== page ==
Hand Pain During Hand Assisted Laparoscopic Nephrectomy-An Ischemic Event?

Michael C. Ost, Brian A. VanderBrink, Ardeshir R. Rastinehad, Arthur D. Smith, Benjamin R. Lee

Research output: Contribution to journalArticle

5 Scopus citations

Abstract

Purpose: The etiology of hand discomfort during hand assisted laparoscopic nephrectomy may be ischemic in nature. We determined if pneumoperitoneal pressure sustained to the hand during hand assisted laparoscopic nephrectomy poses an occupational risk, contributing to local hand hypoxia and resultant extremity pain. Materials and Methods: A total of 442 measurements of hand oxygen saturation were made during hand assisted laparoscopic nephrectomy. A Nellcor® OxiMax™ Max-1® oxygen sensor was attached to the left index finger of each surgeon and hand assisted laparoscopic nephrectomy was performed using a LapDisc® at 15 mm Hg pneumoperitoneal pressures. Local hand oximetry readings and a numerical pain distress scale (range 0 to 10) were recorded every 2 minutes. To control for motion artifact oximetry readings were taken during hand motion and at rest. The Student t test was used to compare differences in local hand oxygen saturation and hand pain in and between study groups. Results: A history of hand pain during hand assisted laparoscopic nephrectomy was significantly associated with local hypoxia during operative motion and at rest (p = 0.023 and 0.012, respectively), even with an adequate fascial incision and standard pneumoperitoneal pressures. During hand assisted laparoscopic nephrectomy hand pain was most significantly associated with local hypoxia after 24 minutes (p = 0.0002), when local oxygen saturation was 56% to 88%. Conclusions: A cohort of urologists is predisposed to ischemic hand pain during hand assisted laparoscopic nephrectomy. The etiology of this pain may be hypoxic in nature, attributable to pneumoperitoneal pressure decreasing perfusion and causing venous congestion or regional local ischemia. Circumferential antebrachial constriction from the LapDisc® does not seem to be a significant contributing factor in the presence of an adequate fascial incision. Hand pain secondary to ischemia is most significant after 24 minutes at 15 mm Hg. Future studies in more subjects are called for to validate these findings to elucidate which surgeons are predisposed to this potential occupational hazard and what perioperative measures can be taken to avoid hand pain during hand assisted laparoscopic nephrectomy.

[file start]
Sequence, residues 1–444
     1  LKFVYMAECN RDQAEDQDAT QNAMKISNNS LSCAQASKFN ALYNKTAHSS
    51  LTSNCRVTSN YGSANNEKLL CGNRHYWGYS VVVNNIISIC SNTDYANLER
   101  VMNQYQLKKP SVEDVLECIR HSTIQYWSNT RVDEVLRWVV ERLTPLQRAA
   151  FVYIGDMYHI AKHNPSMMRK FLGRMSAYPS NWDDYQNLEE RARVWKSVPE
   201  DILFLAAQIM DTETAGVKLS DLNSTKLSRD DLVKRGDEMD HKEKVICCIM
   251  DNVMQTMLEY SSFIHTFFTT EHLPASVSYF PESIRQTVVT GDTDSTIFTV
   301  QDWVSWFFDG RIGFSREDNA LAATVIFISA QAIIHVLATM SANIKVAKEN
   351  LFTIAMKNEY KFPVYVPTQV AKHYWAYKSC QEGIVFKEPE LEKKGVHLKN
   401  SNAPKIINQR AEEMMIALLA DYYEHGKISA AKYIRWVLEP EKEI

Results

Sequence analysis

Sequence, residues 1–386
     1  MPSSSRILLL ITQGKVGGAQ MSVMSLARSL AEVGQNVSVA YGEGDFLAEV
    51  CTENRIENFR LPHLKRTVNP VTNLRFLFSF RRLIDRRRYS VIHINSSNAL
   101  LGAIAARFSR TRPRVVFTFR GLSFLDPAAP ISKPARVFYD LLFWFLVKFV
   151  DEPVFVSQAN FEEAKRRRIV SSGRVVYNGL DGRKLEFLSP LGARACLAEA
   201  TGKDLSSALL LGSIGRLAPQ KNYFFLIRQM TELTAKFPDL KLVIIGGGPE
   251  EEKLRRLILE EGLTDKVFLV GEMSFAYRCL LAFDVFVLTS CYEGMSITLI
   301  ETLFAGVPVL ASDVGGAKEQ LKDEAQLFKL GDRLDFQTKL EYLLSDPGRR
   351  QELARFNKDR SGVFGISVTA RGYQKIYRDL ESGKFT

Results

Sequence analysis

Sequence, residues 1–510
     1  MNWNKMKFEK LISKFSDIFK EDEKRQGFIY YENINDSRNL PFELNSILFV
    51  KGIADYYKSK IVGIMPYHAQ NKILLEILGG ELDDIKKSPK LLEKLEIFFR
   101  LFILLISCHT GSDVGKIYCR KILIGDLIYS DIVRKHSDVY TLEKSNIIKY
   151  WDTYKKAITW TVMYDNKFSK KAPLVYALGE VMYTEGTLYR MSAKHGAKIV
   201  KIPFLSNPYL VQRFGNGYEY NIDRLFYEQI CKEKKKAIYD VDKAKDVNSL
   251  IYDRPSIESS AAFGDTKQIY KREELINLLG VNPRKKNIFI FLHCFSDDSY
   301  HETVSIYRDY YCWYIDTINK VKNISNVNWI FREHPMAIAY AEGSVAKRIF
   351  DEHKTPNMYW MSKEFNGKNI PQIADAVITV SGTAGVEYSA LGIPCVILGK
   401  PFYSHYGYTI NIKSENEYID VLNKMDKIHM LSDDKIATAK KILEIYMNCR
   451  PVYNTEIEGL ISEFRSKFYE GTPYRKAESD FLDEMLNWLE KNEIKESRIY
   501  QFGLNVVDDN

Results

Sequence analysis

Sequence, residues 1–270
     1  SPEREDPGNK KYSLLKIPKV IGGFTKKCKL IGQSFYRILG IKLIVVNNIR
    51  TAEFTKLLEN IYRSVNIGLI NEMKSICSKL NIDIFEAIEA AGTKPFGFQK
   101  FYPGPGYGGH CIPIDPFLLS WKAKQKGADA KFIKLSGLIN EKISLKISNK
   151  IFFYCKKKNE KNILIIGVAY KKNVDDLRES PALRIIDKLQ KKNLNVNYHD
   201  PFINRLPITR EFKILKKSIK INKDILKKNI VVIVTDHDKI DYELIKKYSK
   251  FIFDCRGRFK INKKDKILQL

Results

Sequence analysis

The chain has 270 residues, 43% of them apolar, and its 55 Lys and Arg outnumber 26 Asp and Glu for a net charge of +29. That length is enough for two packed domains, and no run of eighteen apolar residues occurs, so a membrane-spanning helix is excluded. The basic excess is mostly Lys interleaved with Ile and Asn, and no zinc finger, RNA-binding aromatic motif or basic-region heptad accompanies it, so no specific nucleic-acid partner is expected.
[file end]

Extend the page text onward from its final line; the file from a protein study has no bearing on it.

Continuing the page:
Original languageEnglish (US)
Pages (from-to)149-154
Number of pages6
JournalJournal of Urology
Volume176
Issue number1
DOIs
StatePublished - Jul 1 2006
Externally publishedYes

Keywords

  • hand
  • kidney
  • laparoscopy
  • nephrectomy
  • pain

ASJC Scopus subject areas

  • Urology

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